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Sell by date on milk


ellencho
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Up until recently, I thought the sell-by date on milk containers meant how long the milk would last until it went bad. But apparently, most milk processing places claim that their milk will be good up until a week after that date. If that is so, then how come almost every time, without fail, the day after the sell by date our milk has always spoiled?

Is it improper storage on the part of the supermarket? This always seems to occur no matter where my family or I am living (PA, NY, MA, CT). I will add however, that our higher fat dairy products, such as sour cream, heavy cream and buttermilk always last longer than the sell by date.

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I do know that in NYC milk has a sooner sell by date than in NJ...some containers have both dates

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I've found that the date on milk means it'll be good until that date, and then it's anybody's guess. It has a lot to do with the temperature at which it's been stored. Also, it's been my experience that milk with higher fat content tends to last longer than lowfat or skim.

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I believe it also has much to do with how often it is removed from the 'fridge and for how long. I remember reading somewhere that 1 hour out of the fridge reduces its shelf life by a whole day - don't know if this is true but I think it is probably partially true.

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Ditto on the skim milk spoiling quicker. Why is that? It would seem that the higher fat content would go rancid first. Or is the fat a natural preservative?

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I typically throw out any milk left by the sell by date because in my experience it does spoil by then or shortly thereafter. Temperature does matter. Many refrigeratures are set around 38-40 degrees F, which is a little warm for long-term milk storage. Also, milk in plastic containers gets exposure to light, which affects how long the milk will last.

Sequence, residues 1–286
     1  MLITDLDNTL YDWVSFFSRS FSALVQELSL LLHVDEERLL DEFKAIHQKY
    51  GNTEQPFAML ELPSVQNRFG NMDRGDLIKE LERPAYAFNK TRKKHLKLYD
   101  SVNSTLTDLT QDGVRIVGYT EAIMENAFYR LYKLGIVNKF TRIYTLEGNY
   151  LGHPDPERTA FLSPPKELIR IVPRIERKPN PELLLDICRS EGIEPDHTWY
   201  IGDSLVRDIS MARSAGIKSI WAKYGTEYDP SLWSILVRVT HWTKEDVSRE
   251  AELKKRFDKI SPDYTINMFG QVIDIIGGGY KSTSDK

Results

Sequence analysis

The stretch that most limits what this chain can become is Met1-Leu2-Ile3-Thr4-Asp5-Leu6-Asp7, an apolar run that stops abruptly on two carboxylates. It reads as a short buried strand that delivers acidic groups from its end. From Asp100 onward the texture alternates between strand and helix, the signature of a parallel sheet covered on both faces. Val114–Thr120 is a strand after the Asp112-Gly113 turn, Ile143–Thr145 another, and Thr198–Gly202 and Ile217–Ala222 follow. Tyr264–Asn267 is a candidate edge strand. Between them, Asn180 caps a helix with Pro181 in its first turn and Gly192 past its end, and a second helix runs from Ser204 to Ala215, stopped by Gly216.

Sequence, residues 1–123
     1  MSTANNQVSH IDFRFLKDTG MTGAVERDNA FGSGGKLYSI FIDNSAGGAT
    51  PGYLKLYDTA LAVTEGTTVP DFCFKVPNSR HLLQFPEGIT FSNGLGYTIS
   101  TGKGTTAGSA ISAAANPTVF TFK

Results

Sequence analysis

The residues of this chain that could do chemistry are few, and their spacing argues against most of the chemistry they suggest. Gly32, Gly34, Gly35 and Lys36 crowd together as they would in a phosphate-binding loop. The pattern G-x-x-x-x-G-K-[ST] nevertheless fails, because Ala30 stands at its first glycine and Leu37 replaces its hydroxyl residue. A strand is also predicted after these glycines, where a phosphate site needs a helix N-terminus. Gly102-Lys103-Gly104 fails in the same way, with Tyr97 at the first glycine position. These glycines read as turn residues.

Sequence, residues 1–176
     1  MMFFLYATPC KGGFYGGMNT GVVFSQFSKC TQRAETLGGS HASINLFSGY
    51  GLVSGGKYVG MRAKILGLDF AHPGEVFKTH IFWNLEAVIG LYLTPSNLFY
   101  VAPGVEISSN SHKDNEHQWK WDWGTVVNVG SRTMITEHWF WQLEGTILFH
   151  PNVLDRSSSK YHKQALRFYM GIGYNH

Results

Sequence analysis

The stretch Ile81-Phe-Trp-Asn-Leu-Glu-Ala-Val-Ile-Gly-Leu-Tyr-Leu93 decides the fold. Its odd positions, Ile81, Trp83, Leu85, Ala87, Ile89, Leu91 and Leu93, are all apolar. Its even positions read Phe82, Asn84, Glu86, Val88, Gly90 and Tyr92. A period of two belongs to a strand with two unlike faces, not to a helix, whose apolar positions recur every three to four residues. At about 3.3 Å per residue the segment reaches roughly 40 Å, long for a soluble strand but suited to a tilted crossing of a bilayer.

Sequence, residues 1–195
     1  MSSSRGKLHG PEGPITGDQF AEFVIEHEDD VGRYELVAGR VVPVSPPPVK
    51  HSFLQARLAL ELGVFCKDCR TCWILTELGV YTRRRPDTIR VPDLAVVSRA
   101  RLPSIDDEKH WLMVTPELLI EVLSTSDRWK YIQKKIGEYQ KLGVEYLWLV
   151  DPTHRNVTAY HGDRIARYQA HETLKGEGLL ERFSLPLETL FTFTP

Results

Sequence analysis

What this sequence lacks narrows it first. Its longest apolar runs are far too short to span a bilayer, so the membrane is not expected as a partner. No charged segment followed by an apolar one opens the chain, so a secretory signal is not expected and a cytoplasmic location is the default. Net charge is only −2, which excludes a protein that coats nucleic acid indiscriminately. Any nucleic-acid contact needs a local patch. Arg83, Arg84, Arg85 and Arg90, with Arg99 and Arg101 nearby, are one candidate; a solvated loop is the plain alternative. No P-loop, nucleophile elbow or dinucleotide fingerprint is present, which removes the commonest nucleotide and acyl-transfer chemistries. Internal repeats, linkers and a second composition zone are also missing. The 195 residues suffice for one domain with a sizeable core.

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This is so funny to me... I'm paranoid and I won't drink it after the date that's been stamped on the carton, but I will cook with it. My husband, however, will drink and use milk that's about 3-5 days beyond that date. He thinks of it more as a suggestion.

Unless old milk causes laziness, I'm pretty sure he's ok. :laugh:

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I think it depends on a lot of things, but especially the temperature at which its stored and what its been subjected to before it ever reaches the shelves. Here (Istanbul) really fresh milk is not the norm, most people using the UHT (Ultra High Temperature) flash-pasteurized milk that can stay unrefrigerated for a year or so. But once you've opened it you have to use it quickly. In my new neighborhood, there's a dairy outlet that sells "daily" milk. I keep my fridge cold, but I have to use it within 3 days or it's gone. If I forget, I'm reminded by the immediate curdling as it hits the morning coffee...

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This is really a pet peeve with my wife on this. She things that because it was written/stamp on the carton that she has to throw it out on that date, regardless of the real condition. "I rather be safe than sorry" view on this.

Me, I say if it is still good why not use it. Date is only a suggestion because they couldn't possibly know the condition you are going to keep the milk at. "why waste food if you don't have to" view on this.